Perlan’s blog collects the thoughts and experiences of team members from the multiple disciplines needed to build and prepare the aircraft, plan the flight, and carry out the mission. Here, you’ll find insights from the designers, craftspeople, pilots, meteorologists, and support personnel who will make Perlan’s record ascents a reality. Perlan’s blog will be an opportunity to delve into the challenges and triumphs that travel with the giant sailplane.

Bonding First Plug

The first fuselage plug is now all bonded (glued) together. The first two blocks of foam were levelled to within a hundredth of an inch – less than the thickness of a piece of paper. This makes a perfectly flat foundation for the other blocks. This is also the centreline of the fuselage so getting this line straight is necessary so that the other parts of the aircraft will fit and it will fly straight.

The other blocks were then aligned onto the first pair, using alignment rods and careful measuring before the epoxy resin was poured.

Flight Computer Hardware

We may have found the perfect screen display to use in the Perlan glider. The Craggy Aero “Ultimate” computer is an exciting new development in soaring instruments.

The main advantage of this computer is the large sunlight-readable screen. We tested it outdoors in full sunshine against a conventional PDA. The Ultimate is the clear winner for readability, even though the PDA had a new “transreflective” screen.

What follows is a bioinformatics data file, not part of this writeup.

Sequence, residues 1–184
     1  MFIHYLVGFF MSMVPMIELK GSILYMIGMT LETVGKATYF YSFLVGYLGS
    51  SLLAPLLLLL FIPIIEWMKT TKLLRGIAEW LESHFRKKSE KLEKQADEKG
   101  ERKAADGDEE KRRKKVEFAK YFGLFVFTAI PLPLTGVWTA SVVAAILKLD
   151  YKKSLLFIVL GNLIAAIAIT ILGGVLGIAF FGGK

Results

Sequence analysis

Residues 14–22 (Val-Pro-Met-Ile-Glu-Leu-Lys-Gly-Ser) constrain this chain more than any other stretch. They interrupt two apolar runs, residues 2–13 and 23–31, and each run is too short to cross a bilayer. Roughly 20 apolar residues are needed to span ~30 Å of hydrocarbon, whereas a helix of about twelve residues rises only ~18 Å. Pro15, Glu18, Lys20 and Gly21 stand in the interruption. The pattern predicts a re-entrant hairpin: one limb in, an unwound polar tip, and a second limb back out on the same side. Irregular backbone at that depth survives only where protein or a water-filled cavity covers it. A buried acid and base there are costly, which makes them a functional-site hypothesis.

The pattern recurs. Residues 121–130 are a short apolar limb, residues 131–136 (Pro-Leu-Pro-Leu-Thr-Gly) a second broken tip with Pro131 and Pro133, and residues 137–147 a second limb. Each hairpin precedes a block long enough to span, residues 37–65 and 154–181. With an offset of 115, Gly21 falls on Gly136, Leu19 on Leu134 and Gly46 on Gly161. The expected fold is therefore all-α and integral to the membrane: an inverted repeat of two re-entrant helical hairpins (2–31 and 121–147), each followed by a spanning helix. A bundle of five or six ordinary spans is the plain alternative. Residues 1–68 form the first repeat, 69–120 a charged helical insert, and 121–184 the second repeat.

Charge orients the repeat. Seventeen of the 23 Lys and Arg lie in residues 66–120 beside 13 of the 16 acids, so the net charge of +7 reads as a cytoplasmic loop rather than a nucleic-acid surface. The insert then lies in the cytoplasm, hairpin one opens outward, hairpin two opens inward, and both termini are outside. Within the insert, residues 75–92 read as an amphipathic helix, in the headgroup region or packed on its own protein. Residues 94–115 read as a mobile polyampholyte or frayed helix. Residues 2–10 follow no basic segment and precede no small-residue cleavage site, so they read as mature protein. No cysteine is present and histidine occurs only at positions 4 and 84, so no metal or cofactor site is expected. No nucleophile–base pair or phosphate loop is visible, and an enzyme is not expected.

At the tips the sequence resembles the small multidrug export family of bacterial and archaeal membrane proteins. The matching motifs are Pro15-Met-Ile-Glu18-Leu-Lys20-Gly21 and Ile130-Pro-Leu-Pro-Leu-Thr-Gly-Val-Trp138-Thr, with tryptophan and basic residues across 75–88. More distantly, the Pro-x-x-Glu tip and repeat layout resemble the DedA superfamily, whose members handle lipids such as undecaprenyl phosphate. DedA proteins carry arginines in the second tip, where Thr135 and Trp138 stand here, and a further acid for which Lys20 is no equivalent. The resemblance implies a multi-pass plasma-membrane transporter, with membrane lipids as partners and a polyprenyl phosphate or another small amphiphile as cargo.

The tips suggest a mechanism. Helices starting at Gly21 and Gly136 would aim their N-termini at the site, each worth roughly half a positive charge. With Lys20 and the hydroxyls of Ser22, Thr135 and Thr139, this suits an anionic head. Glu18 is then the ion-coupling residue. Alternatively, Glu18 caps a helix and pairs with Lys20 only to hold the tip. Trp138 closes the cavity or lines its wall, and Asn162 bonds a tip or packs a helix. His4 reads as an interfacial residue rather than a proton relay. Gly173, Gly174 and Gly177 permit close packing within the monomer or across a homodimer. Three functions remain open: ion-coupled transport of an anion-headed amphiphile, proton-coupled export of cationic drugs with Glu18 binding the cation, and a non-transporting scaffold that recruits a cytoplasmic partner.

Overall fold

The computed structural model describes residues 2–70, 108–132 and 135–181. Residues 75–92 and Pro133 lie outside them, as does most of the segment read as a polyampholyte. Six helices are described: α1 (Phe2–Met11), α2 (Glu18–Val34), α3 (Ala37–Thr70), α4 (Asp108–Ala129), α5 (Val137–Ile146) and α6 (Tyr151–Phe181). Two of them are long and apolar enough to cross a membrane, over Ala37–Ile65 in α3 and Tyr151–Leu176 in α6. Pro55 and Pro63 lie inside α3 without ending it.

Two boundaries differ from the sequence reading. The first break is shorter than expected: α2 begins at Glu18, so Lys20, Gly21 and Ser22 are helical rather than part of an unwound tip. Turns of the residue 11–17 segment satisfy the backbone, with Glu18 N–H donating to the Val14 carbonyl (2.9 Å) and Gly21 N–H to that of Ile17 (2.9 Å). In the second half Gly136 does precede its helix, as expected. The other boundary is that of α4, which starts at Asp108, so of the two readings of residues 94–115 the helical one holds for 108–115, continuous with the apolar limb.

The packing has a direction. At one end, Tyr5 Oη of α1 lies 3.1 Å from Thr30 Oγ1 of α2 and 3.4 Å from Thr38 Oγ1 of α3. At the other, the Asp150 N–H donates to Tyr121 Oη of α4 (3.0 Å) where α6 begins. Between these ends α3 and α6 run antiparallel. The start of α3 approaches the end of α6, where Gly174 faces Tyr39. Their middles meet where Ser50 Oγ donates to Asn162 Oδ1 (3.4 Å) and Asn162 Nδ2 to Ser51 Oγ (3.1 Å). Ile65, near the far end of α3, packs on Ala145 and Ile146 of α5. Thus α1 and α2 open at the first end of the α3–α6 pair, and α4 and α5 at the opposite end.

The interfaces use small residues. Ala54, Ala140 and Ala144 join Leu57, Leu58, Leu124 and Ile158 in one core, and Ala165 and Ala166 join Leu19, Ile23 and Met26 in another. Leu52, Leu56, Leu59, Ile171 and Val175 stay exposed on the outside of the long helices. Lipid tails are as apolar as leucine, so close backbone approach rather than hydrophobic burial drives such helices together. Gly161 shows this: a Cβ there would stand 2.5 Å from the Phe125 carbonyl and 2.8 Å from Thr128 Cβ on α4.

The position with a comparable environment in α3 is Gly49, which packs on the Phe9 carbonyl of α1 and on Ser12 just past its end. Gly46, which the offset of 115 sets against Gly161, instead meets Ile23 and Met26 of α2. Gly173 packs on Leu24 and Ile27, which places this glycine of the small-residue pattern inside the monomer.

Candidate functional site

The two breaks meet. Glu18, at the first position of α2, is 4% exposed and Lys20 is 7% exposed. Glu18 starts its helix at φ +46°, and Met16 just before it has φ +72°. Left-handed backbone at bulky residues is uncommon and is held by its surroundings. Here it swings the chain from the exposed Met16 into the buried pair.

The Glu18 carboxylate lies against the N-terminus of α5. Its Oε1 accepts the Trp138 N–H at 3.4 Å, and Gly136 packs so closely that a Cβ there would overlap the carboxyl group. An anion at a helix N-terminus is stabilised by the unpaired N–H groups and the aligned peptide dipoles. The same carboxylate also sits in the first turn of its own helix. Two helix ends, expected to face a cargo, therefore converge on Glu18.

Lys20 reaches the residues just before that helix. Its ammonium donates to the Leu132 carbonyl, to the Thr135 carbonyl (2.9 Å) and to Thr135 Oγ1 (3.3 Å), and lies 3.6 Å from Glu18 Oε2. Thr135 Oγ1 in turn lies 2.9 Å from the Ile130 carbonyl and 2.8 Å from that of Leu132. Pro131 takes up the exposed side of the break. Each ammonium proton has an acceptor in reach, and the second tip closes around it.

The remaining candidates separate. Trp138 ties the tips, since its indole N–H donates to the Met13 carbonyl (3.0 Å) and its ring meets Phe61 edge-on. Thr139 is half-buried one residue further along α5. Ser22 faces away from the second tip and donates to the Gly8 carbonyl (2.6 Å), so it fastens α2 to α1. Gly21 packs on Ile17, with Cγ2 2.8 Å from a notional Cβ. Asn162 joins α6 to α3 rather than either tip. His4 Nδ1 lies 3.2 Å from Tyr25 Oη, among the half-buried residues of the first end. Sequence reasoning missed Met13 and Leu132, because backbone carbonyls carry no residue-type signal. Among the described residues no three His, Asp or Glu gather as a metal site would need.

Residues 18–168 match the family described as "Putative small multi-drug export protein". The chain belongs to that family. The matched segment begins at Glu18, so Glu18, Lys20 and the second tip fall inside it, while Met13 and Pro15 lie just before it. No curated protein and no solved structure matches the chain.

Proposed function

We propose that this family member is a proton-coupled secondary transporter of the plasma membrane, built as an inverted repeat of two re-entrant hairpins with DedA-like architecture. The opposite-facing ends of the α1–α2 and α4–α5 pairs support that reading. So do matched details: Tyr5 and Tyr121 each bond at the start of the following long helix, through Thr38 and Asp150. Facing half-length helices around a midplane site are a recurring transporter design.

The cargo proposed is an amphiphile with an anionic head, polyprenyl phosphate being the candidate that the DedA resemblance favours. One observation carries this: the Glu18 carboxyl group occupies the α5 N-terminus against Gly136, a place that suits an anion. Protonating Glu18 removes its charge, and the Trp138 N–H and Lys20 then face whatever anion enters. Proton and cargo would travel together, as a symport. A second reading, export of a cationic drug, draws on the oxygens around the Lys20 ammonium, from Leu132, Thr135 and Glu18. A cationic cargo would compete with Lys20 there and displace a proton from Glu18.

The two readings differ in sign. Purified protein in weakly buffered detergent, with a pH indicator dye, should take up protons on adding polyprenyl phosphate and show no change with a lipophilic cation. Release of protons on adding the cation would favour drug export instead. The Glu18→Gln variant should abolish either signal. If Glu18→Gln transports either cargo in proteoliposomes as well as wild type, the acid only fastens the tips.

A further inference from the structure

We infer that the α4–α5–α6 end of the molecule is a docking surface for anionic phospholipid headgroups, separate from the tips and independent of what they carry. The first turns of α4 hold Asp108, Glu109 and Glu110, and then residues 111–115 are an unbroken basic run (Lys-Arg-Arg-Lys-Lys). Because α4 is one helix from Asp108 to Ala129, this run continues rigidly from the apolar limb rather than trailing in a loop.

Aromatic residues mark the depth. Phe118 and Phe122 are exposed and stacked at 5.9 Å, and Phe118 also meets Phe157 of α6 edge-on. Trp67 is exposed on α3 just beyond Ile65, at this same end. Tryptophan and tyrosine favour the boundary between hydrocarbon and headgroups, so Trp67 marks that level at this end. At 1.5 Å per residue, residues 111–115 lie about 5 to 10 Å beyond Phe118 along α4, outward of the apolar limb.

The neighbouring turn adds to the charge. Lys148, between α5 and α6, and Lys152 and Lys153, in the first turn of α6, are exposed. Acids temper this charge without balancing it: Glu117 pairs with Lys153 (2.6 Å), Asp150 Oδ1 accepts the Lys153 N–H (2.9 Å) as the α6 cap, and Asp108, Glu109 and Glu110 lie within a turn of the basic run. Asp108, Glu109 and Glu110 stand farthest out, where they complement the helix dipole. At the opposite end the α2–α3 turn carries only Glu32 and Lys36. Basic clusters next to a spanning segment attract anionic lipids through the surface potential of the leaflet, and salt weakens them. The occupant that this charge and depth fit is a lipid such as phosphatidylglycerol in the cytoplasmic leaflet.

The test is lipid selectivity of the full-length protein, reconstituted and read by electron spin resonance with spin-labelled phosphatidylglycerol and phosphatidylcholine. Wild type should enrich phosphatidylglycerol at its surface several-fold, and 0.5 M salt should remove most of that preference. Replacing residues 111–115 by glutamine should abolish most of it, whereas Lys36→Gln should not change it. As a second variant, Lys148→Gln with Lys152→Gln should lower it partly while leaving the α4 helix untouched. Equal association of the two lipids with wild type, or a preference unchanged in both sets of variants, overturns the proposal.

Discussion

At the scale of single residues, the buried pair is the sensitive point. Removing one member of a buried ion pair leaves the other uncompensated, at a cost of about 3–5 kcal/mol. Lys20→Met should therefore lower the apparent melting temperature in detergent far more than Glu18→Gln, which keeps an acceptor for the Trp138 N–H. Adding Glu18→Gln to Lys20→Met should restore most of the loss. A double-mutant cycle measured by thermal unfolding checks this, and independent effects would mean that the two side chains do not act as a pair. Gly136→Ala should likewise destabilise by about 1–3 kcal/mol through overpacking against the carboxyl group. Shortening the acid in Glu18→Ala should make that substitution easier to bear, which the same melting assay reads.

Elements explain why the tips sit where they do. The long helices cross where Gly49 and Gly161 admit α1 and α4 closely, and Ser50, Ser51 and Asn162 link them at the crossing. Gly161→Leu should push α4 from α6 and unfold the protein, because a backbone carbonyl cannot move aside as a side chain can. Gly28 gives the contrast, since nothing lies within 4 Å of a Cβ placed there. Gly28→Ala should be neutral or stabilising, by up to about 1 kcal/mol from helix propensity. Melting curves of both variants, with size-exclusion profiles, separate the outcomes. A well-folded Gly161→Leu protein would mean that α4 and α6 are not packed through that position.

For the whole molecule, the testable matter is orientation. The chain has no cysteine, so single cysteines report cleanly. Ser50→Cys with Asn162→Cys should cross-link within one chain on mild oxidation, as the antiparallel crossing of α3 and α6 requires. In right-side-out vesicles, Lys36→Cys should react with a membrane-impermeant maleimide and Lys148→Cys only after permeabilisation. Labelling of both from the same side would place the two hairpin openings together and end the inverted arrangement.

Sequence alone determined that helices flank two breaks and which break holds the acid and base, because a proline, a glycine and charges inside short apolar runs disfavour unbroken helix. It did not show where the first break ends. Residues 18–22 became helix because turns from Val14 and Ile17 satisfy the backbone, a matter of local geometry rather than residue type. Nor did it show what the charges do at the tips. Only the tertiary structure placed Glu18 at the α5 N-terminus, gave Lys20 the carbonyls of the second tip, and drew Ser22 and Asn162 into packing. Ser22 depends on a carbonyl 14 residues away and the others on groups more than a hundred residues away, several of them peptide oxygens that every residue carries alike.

Progress on first fuselage plug

The first fuselage plug has been completely machined. Einar has come up to Bend to view the progress.

The next step is to sand the plug by hand to remove the tool grooves and then it can be sealed with paint and the molding process begins.

Review: Exploring The Monster

While the Perlan Project has been hard at work during March, there isn’t much visible progress we can share on the blog. However, one item of research was reading Exploring the Monster by Robert F. Whelan.

Exploring the Monster, Mountain Lee Waves: the Aerial Elevator tells the story of wave soaring from its initial discovery in Germany in 1933 to the Sierra Project of 1951-52 and the Jet Stream Project of 1955. Amazingly, some of the people who flew those earliest wave flights are still alive and living in California.